To more closely examine some of the early successes and challenges experienced by the Early Implementer LEAs, Achieve interviewed nine of the ten participating districts and compiled that information into two resources, focusing primarily on professional learning and instructional materials. Learn More…

Written by California Science Teachers Association

California Science Teachers Association

CSTA represents science educators statewide—in every science discipline at every grade level, Kindergarten through University.

Using Online Simulations to Support the NGSS in Middle School Classrooms

Posted: Monday, May 8th, 2017

by Lesley Gates, Loren Nikkel, and Kambria Eastham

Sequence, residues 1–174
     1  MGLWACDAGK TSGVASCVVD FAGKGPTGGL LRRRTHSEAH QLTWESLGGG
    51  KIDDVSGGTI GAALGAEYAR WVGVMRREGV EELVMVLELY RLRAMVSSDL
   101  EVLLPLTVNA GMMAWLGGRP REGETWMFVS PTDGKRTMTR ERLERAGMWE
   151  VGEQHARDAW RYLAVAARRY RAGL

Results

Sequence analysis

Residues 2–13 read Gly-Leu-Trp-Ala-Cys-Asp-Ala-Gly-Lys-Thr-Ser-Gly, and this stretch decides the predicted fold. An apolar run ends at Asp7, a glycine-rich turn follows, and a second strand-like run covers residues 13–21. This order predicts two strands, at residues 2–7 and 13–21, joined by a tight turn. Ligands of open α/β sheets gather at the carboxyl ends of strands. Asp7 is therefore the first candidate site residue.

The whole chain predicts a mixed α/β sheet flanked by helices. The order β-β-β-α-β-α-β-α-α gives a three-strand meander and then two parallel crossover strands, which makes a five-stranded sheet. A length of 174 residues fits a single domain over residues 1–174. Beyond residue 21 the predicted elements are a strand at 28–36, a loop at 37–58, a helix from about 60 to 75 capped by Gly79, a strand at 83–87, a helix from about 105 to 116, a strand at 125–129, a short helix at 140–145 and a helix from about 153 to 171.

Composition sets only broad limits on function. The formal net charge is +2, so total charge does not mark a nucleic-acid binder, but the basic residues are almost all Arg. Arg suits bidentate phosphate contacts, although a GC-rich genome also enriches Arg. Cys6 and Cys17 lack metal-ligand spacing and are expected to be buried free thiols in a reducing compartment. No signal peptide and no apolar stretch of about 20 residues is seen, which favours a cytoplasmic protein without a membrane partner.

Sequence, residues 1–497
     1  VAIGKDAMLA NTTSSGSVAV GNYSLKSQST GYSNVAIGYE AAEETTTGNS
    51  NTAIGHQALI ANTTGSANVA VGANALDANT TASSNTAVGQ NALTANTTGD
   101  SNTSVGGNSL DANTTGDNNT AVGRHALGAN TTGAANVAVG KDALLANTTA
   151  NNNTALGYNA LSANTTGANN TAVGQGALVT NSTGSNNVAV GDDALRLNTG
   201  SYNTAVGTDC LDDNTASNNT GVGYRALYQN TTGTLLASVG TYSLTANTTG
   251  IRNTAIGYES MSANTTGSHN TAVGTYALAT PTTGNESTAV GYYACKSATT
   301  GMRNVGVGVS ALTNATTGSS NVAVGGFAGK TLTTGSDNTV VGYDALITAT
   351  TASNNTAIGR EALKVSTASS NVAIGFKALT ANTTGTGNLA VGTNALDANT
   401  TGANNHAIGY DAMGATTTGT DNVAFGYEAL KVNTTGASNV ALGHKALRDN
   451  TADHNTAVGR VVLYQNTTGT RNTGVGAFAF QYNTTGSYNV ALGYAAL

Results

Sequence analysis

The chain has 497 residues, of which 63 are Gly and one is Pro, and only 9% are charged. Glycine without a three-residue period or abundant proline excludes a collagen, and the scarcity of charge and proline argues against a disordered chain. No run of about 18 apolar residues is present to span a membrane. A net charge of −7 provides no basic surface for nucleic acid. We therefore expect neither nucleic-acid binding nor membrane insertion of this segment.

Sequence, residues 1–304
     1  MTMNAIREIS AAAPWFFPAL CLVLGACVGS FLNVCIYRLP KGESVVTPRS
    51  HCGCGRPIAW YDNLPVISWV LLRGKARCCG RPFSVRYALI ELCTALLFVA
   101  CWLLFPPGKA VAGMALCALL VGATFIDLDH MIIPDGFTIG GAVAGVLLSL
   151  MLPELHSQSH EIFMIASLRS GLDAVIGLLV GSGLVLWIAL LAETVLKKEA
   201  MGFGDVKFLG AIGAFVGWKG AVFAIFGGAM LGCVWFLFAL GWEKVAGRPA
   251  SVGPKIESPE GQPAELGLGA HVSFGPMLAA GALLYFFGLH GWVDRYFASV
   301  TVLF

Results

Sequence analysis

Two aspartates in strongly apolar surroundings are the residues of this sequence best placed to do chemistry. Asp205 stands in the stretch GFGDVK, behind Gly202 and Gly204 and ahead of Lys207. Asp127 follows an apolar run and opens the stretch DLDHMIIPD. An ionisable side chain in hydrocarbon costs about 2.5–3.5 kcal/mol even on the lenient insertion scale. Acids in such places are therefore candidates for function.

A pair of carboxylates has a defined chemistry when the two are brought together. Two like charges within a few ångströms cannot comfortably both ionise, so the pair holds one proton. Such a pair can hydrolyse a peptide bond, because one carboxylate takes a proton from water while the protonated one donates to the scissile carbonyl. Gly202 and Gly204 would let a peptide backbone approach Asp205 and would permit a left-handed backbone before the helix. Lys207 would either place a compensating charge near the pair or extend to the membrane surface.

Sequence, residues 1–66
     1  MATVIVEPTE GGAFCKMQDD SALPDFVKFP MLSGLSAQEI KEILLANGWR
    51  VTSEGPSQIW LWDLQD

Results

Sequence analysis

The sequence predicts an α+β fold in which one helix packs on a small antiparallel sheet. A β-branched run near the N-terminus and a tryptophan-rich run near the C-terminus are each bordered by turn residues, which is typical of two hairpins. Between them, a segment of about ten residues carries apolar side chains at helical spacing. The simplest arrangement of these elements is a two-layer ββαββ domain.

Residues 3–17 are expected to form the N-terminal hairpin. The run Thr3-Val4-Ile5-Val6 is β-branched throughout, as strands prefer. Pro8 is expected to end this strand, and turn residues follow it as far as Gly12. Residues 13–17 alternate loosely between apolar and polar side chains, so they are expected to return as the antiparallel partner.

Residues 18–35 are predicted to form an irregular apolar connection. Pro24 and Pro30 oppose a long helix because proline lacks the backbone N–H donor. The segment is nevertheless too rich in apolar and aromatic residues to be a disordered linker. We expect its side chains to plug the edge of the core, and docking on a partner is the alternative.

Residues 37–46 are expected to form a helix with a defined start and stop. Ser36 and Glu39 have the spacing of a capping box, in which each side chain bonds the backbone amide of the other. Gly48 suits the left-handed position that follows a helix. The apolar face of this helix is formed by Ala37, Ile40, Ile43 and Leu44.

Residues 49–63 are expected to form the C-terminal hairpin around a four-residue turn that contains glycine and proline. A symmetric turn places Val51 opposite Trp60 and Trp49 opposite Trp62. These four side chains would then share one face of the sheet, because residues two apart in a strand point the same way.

Middle school teachers in Kings Canyon Unified School District (KCUSD), a CA NGSS K-8 Early Implementation Initiative district, have been diligently working on transitioning to the Next Generation Science Standards (NGSS) integrated model for middle school. This year, the teachers focused on building their own knowledge of the Science and Engineering Practices (SEPs). They have been gathering and sharing ideas at monthly collaborative meetings as to how to make sure their students are not just learning about science but that they are actually doing science in their classrooms. Students should be planning and carrying out investigations to gather data for analysis in order to construct explanations. This is best done through hands-on lab experiments. Experimental work is such an important part of the learning of science and education research shows that students learn better and retain more when they are active through inquiry, investigation, and application. A Framework for K-12 Science Education (2011) notes, “…learning about science and engineering involves integration of the knowledge of scientific explanations (i.e., content knowledge) and the practices needed to engage in scientific inquiry and engineering design. Thus the framework seeks to illustrate how knowledge and practice must be intertwined in designing learning experiences in K-12 Science Education” (pg. 11).